Multiple immunity-related genes control susceptibility of Arabidopsis thaliana to the parasitic weed Phelipanche aegyptiaca
Clarke, Christopher R.
Van Mullekom, Jennifer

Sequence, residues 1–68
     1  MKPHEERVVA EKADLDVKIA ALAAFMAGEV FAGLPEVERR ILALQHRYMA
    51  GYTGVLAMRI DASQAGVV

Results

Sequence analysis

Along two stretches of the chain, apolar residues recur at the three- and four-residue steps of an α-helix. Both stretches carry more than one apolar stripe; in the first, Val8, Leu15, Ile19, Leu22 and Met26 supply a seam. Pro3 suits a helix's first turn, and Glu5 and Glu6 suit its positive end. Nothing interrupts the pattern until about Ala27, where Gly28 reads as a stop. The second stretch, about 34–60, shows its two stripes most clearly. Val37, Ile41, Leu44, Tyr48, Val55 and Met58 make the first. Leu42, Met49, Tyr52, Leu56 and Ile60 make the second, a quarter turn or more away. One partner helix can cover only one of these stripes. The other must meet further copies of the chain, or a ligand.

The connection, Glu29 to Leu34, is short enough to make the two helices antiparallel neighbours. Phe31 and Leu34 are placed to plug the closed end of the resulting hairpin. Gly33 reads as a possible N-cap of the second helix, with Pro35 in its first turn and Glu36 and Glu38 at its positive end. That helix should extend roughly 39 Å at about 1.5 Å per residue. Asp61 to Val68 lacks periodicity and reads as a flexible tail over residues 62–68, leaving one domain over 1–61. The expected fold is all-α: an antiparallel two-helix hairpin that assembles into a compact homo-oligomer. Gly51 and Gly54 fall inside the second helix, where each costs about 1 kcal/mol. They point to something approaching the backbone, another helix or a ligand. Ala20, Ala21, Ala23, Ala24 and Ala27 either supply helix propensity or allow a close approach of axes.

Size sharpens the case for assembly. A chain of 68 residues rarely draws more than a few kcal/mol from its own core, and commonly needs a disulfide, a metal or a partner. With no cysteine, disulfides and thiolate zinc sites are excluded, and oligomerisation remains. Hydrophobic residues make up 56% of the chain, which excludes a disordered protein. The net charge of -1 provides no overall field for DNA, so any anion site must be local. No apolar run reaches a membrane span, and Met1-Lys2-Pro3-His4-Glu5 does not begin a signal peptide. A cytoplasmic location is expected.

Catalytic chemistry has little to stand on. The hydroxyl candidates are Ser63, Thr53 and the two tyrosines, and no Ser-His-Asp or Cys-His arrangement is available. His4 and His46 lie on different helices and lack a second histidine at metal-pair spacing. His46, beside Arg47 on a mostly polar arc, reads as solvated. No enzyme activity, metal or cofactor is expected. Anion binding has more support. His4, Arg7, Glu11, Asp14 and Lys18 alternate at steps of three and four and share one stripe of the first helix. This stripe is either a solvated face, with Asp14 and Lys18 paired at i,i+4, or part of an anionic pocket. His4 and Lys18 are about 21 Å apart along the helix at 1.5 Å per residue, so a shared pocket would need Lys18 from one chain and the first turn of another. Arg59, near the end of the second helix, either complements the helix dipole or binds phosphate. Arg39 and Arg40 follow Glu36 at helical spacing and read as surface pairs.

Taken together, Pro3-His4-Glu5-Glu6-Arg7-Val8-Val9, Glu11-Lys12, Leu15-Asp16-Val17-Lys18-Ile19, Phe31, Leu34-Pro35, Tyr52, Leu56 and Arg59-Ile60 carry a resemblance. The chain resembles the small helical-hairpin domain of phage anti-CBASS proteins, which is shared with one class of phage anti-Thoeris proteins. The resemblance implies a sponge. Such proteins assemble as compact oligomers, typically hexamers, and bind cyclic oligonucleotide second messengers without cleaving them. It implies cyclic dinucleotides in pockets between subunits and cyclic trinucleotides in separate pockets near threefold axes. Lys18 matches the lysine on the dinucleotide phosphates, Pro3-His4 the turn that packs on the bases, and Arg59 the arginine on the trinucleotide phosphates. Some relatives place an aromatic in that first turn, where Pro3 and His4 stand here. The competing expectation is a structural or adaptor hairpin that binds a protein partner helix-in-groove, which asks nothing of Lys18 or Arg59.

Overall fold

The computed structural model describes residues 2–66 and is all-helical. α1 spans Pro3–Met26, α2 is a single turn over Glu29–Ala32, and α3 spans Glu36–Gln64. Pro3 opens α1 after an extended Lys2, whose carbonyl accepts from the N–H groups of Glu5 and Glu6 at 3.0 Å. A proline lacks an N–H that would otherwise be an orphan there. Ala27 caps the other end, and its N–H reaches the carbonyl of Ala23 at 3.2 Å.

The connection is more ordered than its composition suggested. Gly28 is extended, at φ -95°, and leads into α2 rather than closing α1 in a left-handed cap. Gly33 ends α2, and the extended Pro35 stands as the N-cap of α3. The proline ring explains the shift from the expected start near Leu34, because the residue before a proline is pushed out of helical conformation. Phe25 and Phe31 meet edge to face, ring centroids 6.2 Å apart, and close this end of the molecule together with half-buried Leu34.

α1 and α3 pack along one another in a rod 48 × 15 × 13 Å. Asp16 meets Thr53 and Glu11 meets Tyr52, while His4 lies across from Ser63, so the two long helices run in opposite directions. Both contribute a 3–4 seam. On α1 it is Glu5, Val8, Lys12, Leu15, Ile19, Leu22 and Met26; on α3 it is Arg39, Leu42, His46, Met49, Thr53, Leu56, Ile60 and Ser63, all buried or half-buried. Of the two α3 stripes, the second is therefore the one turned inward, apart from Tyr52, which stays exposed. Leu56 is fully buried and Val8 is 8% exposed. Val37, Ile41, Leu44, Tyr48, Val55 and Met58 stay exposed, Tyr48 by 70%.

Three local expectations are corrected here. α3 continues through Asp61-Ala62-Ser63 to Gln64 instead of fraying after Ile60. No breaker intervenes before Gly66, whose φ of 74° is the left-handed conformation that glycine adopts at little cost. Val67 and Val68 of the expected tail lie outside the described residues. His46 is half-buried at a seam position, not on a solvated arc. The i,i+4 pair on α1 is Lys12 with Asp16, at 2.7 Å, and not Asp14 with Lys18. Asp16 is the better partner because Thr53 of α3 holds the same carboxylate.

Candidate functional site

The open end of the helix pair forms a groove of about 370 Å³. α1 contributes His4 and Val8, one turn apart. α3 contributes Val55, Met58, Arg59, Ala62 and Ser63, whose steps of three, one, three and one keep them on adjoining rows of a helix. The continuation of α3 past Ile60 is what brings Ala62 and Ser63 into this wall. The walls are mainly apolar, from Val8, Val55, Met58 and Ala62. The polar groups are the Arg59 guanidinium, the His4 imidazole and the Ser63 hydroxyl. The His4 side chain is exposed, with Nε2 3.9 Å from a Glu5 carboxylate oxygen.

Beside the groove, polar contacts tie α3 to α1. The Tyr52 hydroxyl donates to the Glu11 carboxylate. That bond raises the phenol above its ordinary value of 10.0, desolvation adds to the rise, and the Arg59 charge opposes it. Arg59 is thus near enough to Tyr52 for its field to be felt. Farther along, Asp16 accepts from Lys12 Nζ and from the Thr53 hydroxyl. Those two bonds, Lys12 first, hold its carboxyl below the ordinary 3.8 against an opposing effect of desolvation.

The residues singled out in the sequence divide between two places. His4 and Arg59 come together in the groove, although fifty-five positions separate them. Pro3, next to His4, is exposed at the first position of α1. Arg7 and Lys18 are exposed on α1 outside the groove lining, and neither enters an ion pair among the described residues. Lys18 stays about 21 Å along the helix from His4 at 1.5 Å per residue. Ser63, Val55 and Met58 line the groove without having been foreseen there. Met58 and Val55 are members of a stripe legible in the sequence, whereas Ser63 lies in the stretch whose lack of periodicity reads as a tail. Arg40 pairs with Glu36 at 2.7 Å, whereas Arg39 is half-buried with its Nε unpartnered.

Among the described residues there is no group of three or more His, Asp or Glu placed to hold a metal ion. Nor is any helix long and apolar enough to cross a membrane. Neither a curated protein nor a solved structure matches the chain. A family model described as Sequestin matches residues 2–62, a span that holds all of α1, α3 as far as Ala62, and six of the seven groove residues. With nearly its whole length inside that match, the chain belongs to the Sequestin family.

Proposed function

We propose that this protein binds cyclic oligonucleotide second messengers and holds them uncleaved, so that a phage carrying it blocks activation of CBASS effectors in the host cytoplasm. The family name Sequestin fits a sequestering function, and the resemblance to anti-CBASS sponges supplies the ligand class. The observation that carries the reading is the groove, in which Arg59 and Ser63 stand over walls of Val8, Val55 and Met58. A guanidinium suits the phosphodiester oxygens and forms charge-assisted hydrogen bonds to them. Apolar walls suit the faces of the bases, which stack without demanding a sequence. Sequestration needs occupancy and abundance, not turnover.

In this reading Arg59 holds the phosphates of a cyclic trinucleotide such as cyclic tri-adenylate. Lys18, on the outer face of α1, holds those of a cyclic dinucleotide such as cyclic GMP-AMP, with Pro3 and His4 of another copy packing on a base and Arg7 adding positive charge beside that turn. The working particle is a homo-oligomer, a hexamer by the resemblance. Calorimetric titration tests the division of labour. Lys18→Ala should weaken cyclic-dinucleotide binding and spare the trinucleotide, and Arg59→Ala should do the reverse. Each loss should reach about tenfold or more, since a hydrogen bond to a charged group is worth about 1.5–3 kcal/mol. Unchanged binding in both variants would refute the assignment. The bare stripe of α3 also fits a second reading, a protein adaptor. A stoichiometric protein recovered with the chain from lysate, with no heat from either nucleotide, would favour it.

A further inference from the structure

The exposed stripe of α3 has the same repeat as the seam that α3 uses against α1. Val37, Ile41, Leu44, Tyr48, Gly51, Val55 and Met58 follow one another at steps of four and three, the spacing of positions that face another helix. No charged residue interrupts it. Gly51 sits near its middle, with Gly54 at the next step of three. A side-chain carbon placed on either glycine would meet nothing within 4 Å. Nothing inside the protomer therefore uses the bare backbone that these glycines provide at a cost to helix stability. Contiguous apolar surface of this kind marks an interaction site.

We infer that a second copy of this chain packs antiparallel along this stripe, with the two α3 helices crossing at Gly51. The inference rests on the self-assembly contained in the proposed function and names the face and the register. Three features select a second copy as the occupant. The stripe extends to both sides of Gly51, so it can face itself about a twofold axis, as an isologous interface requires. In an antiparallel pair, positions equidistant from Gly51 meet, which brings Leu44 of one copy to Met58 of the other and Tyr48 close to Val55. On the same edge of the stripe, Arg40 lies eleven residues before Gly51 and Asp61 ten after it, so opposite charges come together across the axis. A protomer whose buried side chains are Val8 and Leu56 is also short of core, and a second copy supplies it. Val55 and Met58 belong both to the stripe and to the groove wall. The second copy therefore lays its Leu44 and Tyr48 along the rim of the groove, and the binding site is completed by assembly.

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Parasitic weeds represent a major threat to agricultural production across the world. Little is known about which host genetic pathways determine compatibility for any host-parasitic plant interaction. We developed a quantitative assay to characterize the growth of the parasitic weed Phelipanche aegyptiaca on 46 mutant lines of the host plant Arabidopsis thaliana to identify host genes that are essential for susceptibility to the parasite. A. thaliana host plants with mutations in genes involved in jasmonic acid biosynthesis/signaling or the negative regulation of plant immunity were less susceptible to P. aegyptiaca parasitization. In contrast, A. thaliana plants with a mutant allele of the putative immunity hub gene Pfd6 were more susceptible to parasitization. Additionally, quantitative PCR revealed that P. aegyptiaca parasitization leads to transcriptional reprograming of several hormone signaling pathways. While most tested A. thaliana lines were fully susceptible to P. aegyptiaca parasitization, this work revealed several host genes essential for full susceptibility or resistance to parasitism. Altering these pathways may be a viable approach for limiting host plant susceptibility to parasitism.